Palestinian Authority President Mahmoud Abbas’s statements on Saturday night that he opposed any Israeli civilian or military presence in a future Palestinian state was met with scorn by cabinet ministers on Sunday.

Finance Minister Yuval Steinitz told reporters, before the cabinet meeting, that Abbas’s comment about a state without Jews was “racist.”

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“I remind everyone that Abbas denied the Holocaust in his doctoral thesis, and these things need to raise questions about this man,” Steinitz said.

National Infrastructures Minister Uzi Landau said, “I want to remind everyone that we have Arab citizens in Israel, and that is completely acceptable. I don’t see any problem that there will be Jewish citizens in a Palestinian state, if it is established.”

After Abbas’s clarification that he was talking about a refusal to allow Israeli soldiers in a future Palestinian state, one government source pointed out that Prime Minister Binyamin Netanyahu said during his trip last week to Washington that the Palestinian desire for sovereignty and independence did not have to be in contradiction to Israel’s desire for security.

“Any peace treaty will have to take into account Israel’s legitimate self-defense requirements,” the source said. “They can’t be ignored. If Abbas said he will ignore them, then that is not a good sign, or a way to move forward.”

The official said there was no substitute for a long-term Israeli military presence along the Jordan River, and stressed that other countries – including Germany, Japan and South Korea – have had foreign soldiers on their territory, without viewing that as an infringement of their sovereignty.

Abbas, who was speaking to Arab League foreign ministers during an emergency meeting in Doha, Qatar, also reiterated his determination to go ahead with plans to ask the United Nations in September to recognize a Palestinian state along the June 4, 1967, lines.

The meeting was held at the request of the PA leadership, which is seeking Arab support for the UN bid.

Abbas’s remarks against the presence of Israelis in a future Palestinian state came in response to Netanyahu’s statements in Washington last week.

The prime minister declared that Israel would retain control over the Jordan Valley in any peace with the Palestinians. He also said that some settlements would stay in the West Bank.

Abbas criticized Netanyahu for “putting solutions to finalstatus issues before negotiating [with the Palestinians].”

He said that Netanyahu has decided that Jerusalem would be the eternal capital of Israel, that there would be no “right of return” to Israel proper, that the Palestinian state be demilitarized, that the IDF would stay in the Jordan Valley, and that settlement blocs would remain with Israel.

“Now he has added a new demand,” Abbas said. “He is demanding recognition of Israel as a Jewish state. We have rejected, and will reject, this demand. We know what his intention is. He wants to undermine the Palestinian-Arab presence inside Israel and prevent the return of refugees.”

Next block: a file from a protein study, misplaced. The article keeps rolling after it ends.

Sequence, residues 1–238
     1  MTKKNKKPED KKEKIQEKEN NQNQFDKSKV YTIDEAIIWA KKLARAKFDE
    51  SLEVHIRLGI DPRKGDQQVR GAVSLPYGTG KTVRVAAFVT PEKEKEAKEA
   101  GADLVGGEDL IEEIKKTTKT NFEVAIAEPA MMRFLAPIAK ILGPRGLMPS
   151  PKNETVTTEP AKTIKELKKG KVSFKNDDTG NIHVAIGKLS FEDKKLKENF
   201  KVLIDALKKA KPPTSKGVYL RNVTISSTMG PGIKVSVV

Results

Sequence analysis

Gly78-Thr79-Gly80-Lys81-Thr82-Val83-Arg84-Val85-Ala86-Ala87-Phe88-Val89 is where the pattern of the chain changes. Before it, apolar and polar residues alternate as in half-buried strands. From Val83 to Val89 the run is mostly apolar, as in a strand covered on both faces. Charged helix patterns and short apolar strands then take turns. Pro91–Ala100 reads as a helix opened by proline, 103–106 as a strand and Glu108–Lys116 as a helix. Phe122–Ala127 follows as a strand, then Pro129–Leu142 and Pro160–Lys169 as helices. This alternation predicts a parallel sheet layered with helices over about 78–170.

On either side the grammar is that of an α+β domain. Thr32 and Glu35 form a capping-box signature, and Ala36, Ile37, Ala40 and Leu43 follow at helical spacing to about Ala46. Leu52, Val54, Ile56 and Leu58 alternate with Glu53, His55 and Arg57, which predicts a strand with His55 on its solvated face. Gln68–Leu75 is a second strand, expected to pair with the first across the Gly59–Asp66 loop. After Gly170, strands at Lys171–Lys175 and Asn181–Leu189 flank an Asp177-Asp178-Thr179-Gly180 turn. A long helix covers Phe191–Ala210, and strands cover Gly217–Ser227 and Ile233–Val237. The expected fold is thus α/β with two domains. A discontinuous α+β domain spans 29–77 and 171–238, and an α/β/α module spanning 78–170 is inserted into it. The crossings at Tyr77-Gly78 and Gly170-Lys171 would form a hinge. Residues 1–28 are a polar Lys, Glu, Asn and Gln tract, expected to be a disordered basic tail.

Abbas said a resumption of the peace talks was conditioned on the cessation of settlement construction and setting a clear timetable for the negotiations.

“The peace talks can’t go on forever,” he said.

He told the Arab ministers in Doha that Netanyahu’s conditions meant there were no “common and clear grounds” for resuming the negotiations.

“Our strategic choice is to go to the UN and the General Assembly and Security Council to achieve international recognition of a state, and this is not a secret,” Abbas said. “We have said this more than once, and we have told the Americans, Europeans and Israelis that we have no choice but to go to the UN. We are serious about going to the UN, and we are not maneuvering and we are not making tactical moves.”

In the context of his efforts to secure Arab backing for the UN bid, Abbas arrived in Cairo on Sunday for talks with Gen.

Mohammed Tantawi, head of the Supreme Council of the Armed Forces and de facto head of state.

Abbas’s talks in Cairo will also focus on the Egyptian-brokered reconciliation accord between Fatah and Hamas.

In a related development, Nabil Sha’ath, a member of the Fatah Central Committee, met in Gaza City on Sunday with Hamas Prime Minister Ismail Haniyeh and discussed with him the implementation of the reconciliation agreement – especially with regards to the establishment of a unity government consisting of independent “technocrats.”

Sha’ath said after the meeting that the new government would be established as early as next week.

He said that Netanyahu’s speech before Congress last week was proof that Israel did not want peace.

“How can peace be achieved when Israel wants to devour half of the West Bank and all of Jerusalem, does not want the right of return, is continuing to build in the settlements and is asking us to recognize it as a Jewish state, which means expelling 1.5 million Palestinians?” Sha’ath asked.

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